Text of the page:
- The Washington Times - Wednesday, September 24, 2008

UPDATED:

WASHINGTON (AP) — The House Wednesday took up a $630 billion-plus spending bill awarding the Pentagon a record budget while giving generous help to U.S. automakers and victims of hurricanes and floods.

The year-end budget measure also would lift a quarter-century ban on drilling for oil off the Atlantic and Pacific coasts and is flying under the political radar compared with a hugely controversial White House plan to bail out Wall Street.

The bill is fueled by a need to keep the government running past the Oct. 1 start of the 2009 budget year. Until now, Democrats had mostly punted on the need to pass the 12 annual spending bills funding agency operating budgets, but the 357-page measure released late Tuesday along with 752 pages of accompanying explanations and tables of previously secret earmarks by lawmakers would close out about 60 percent of the budget work Congress must pass each year.

That includes $488 billion for the Pentagon, $40 billion for Homeland Security Department programs and $73 billion for veterans programs and military base construction projects.

The bill would settle dozens of battles, big and small, between Democrats controlling Congress and the lame-duck Bush administration and its allies on Capitol Hill.

The most significant decision and a big win for Republicans in this politically charged election season came as Democrats capitulated on the question of lifting the offshore drilling ban. And the Bush administration succeeded in repelling efforts by Democrats to extend unemployment insurance, increase food stamp payments and help states deal with shortfalls in their Medicaid budgets.

Democratic leaders promised to bundle such items, along with billions for infrastructure projects, in a more than $50 billion measure they hope to advance later this week. It’s expected to stall in the Senate.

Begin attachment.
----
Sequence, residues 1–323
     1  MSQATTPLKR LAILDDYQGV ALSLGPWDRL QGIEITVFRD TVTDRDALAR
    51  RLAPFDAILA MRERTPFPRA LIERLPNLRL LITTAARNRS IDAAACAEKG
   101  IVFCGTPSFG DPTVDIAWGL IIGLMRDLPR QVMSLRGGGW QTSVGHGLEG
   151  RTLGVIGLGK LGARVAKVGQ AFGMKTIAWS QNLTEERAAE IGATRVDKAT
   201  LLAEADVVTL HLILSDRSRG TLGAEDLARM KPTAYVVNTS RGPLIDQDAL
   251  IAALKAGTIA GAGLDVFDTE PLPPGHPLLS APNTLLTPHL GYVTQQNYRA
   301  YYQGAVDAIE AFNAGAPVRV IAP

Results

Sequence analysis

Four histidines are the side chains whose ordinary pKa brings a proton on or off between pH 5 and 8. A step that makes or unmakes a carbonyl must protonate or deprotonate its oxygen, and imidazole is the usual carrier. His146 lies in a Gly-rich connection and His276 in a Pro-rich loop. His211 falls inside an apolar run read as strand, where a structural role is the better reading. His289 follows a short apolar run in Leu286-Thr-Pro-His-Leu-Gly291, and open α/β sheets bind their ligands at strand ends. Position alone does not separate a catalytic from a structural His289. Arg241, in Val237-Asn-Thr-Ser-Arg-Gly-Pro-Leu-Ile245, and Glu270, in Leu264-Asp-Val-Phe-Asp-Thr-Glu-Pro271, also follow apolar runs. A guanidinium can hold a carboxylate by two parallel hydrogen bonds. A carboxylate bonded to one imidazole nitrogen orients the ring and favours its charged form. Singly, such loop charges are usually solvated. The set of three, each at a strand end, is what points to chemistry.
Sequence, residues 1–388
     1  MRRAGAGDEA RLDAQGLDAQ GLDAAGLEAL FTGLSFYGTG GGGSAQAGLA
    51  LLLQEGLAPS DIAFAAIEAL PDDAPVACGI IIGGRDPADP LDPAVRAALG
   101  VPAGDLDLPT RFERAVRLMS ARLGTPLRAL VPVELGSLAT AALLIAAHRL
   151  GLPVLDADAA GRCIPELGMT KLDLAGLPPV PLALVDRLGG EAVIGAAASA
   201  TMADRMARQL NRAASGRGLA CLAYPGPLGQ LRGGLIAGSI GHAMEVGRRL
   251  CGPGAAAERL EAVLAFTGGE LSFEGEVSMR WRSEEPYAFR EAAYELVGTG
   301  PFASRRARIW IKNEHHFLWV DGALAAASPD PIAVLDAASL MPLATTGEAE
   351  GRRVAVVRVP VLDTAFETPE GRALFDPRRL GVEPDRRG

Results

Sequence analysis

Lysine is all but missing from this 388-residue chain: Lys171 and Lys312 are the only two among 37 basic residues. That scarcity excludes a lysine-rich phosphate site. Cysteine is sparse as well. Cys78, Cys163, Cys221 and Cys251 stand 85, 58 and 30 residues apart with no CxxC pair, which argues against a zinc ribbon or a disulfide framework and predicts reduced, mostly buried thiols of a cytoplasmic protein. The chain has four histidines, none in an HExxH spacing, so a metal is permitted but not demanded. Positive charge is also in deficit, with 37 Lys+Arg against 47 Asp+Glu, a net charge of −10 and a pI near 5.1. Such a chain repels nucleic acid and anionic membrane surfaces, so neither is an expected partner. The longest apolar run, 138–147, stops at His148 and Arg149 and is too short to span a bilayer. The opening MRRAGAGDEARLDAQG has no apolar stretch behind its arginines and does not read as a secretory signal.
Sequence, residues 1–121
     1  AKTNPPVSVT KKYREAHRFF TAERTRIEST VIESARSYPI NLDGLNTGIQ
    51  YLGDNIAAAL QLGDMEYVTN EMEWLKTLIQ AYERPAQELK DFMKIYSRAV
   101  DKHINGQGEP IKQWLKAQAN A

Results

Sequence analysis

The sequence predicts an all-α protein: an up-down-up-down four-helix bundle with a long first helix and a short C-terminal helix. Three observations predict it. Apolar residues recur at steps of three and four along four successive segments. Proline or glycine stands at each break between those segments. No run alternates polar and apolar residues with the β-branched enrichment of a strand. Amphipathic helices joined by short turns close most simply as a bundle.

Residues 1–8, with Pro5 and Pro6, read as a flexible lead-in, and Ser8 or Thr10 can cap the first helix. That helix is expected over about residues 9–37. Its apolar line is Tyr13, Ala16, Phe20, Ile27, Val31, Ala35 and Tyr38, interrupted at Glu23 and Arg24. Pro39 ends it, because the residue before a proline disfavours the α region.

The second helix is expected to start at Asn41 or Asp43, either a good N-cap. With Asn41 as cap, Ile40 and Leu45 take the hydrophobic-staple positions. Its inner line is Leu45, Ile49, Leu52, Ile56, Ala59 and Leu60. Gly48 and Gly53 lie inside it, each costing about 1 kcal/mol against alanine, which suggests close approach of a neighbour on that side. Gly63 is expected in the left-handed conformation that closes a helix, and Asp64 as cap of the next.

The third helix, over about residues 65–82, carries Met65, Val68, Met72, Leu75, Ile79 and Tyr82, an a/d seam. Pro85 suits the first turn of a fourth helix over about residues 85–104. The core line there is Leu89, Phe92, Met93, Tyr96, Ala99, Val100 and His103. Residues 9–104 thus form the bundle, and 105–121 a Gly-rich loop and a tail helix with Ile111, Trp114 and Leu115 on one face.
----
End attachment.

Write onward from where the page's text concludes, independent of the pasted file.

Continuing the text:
Democrats won additional funding for heating subsidies for the poor and successfully pressed the White House for a more generous aid package for disaster-ravaged states like Texas and Iowa. A shortfall in Pell college aid grants would be averted, as would problems in the Women, Infants and Children program delivering healthy foods to the poor.

U.S. automakers would receive up to $25 billion in low-interest loans to help them develop technologies and retool factories to meet new standards for cleaner, more fuel efficient cars.

The bill would also eliminate the need for a much-dreaded, postelection lame-duck session to deal with unfinished work. The Senate is expected to send the bill to President Bush, who is expected to sign it.

The legislation came together in a remarkably secret process that concentrated decision-making power in the hands of just a few lawmakers, such as House Appropriations Committee Chairman David Obey, D-Wis., and House Speaker Nancy Pelosi, D-Calif.

The rush to the floor also ran counter to Democratic promises for more open disclosure of billions of dollars worth of earmarks, those home-state pet projects sought by most lawmakers. Anti-earmark watchdogs such as Rep. Jeff Flake, R-Ariz., and outside groups such as Taxpayers for Common Sense had but a few hours to scrutinize the legislation before debate began Wednesday morning.

The watchdog group discovered $6.6 billion worth of earmarks, including 1,997 totaling $4.8 billion in the defense portion alone. Among them was a long-standing request by the Iowa delegation for a new $182 million federal courthouse in Cedar Rapids, which was granted after flood damage this summer.

“Congress is being forced to approve a package that was created in a back room by a handful of Democrat leaders and staff. This legislation has never seen the light of day, and has had no oversight or scrutiny by the vast majority of representatives, senators, the media or the American public,” said Rep. Jerry Lewis of California, senior Republican on the Appropriations Committee.

The secretive deliberations and the intense spotlight cast on the separate Wall Street bailout seemed to ensure that the spending measure would have a low profile. But that also meant Democrats will have to battle to remind voters of the gains made in funding for popular homeland security and veterans health programs.

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